The White House announcement itself put a significant emphasis on economic and socio-economic considerations than decarbonization, with an explicit reference to the Bidenomics, which is about growing U.S. economy from “the middle out and the bottom up.” Creating job opportunities in coal communities is its prime example (the Appalachian Hub). Also, underlining the pro-union orientation of the White House, at least three hubs stipulate plans to conclude project labor agreements (Mid-Atlantic, California, and Pacific Northwest hubs). Moreover, some hubs have strong community engagement elements, including the equity partnership with tribal communities (Heartland Hub), which comports to a White House priority to redress past underinvestment in disadvantaged communities.
The geographical distribution of selected hubs underscores that exports are not a key factor for hydrogen viability in the United States.
While none of the selected hubs emphasize export potential, those located in the coastal regions, such as the U.S. Gulf Coast and California or Pacific Northwest, are good candidates to serve a growing import interest from close trading partner countries around the world. Yet, it is notable that decarbonizing the transportation sector is the primary driver for the California—ARCHES and Pacific Northwest Hubs. For the U.S. Gulf Coast, which is rich with renewable and natural gas resources as well as midstream and natural gas exporting assets, only one emerged on the selection list (HyVelocity Hub); there are three additional known hub initiatives in the region that might continue forward despite not being granted awards. The geographical distribution may suggest that the White House is prioritizing domestic decarbonization or reflect the White House emphasis on the need for these hubs to be self-sufficient, not necessitating the demand pull from overseas markets. This is not to say that hubs are not expecting to capitalize on export opportunities. The Gulf Coast Hub, as recently as May 2022, forecasted exports to be the largest driver of demand, with 10 mmt per year by 2050—equivalent to half of a total forecasted demand of 21 mmt from both domestic and overseas markets.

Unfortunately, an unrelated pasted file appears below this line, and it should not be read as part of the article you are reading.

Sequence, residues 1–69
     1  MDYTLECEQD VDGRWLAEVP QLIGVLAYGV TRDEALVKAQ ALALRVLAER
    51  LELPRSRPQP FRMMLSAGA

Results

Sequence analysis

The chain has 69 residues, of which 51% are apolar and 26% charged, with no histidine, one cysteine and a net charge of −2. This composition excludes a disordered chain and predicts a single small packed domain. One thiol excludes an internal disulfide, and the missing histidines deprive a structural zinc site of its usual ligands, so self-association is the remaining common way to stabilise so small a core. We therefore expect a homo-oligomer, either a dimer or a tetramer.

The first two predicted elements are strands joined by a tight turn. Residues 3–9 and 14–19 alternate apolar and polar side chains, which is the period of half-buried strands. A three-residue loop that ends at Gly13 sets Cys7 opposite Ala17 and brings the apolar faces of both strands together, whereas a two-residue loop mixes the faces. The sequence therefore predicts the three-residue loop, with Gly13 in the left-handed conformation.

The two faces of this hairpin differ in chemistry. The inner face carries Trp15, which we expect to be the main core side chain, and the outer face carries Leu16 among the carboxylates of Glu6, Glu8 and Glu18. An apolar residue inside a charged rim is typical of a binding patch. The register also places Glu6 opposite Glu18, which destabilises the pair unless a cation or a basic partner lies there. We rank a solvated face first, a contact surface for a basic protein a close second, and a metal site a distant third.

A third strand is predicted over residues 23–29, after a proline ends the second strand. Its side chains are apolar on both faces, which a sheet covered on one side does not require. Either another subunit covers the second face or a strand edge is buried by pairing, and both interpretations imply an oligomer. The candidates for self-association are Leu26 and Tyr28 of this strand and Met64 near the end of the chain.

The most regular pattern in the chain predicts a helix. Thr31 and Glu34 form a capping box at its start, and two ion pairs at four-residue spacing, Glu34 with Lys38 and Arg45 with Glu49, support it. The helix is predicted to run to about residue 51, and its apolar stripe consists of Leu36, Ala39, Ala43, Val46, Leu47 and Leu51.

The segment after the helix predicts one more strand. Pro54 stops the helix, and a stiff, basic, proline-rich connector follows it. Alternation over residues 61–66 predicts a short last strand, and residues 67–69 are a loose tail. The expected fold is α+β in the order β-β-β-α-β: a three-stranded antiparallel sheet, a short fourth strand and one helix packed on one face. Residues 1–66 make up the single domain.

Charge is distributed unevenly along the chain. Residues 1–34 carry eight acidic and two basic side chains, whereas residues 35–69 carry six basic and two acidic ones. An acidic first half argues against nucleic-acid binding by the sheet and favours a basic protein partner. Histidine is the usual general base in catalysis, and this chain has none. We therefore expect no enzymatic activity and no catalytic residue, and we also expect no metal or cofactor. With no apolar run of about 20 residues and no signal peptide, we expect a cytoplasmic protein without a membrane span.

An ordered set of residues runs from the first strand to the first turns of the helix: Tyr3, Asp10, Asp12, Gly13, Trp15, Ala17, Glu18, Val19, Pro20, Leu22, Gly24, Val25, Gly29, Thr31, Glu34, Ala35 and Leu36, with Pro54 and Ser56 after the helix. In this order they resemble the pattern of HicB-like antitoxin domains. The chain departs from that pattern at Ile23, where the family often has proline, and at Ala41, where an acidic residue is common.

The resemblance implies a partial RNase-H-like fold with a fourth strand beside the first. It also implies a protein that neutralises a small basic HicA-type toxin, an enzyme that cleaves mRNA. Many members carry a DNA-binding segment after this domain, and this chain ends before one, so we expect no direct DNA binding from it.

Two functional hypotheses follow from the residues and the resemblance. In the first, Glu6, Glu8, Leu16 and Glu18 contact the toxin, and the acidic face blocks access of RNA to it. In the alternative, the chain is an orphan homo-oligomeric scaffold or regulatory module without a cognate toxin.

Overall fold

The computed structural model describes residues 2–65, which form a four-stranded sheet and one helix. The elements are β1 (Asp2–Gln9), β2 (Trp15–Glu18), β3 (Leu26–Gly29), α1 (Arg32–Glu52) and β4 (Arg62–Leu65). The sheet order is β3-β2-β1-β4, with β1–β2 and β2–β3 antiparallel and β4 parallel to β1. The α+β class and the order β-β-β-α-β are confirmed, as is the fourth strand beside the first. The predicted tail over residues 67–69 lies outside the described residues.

Commercial sustainability is a key goal.
According to DOE guidance, the H2Hubs are meant to become “self-sustaining entities that operate fully independent of federal funds.” As such, the DOE mandates federal funding to be matched by state or private sector funding while the grant money itself will be spread out over four phases spanning multiple years and continued benchmarking. These seven hubs that were selected to enter in agreement negotiation with the DOE are to collectively catalyze over $50 billion of public and private investment. According to industry group Hydrogen Council, at least 135 projects have been proposed in the United States and Canada by 2030, many already under construction or in operation, with about 40 percent of those having reached final investment decision (FIDs). Together, these committed projects are worth about $9 billion, consisting of 90 percent (1.8 mmt per year) from SMR-based hydrogen projects and the rest (0.2 mmt per year) from renewables-based hydrogen projects.
Expanding midstream infrastructure will be essential to lowering costs.
Although none of the hubs included any projections regarding midstream infrastructure needs, most of them acknowledged that infrastructure expansion would help bring down the cost of hydrogen distribution and storage. Pipelines or fueling stations were a common thread mentioned by nearly all awardees as necessary infrastructure to bring down costs. Some touted their favorable geological conditions for hydrogen storage, as is the case with the Gulf Coast Hub’s salt caverns, while others mentioned plans of developing CO2 storage to permanently sequester byproduct carbon from hydrogen production, as is the case with the Appalachian Hub.
The announcement on the Regional Clean Hydrogen Hubs has highlighted several key challenges—some were well-known while others were underappreciated. Also, some key information such as feedstock-specific clean hydrogen demand projections remain to be seen. Nonetheless, the hub selection is part of a key national exercise in sharpening our focus on how to overcome techno-economic barriers and generating socioeconomic opportunities that are associated with developing a hydrogen economy in the United States. The selection is also a crucial step for private sector stakeholders in refining their approaches to partaking in and expanding the hydrogen value chains. Analysts look forward to further clarity and additional details as the selected hubs negotiate the terms of agreements with the DOE and embark on the first of four phases that focuses on detailed project planning.
Jane Nakano is the senior fellow with the Energy Security and Climate Change Program at the Center for Strategic and International Studies (CSIS) in Washington, D.C. Mathias Zacarias is a research associate with the Energy Security and Climate Change Program at CSIS.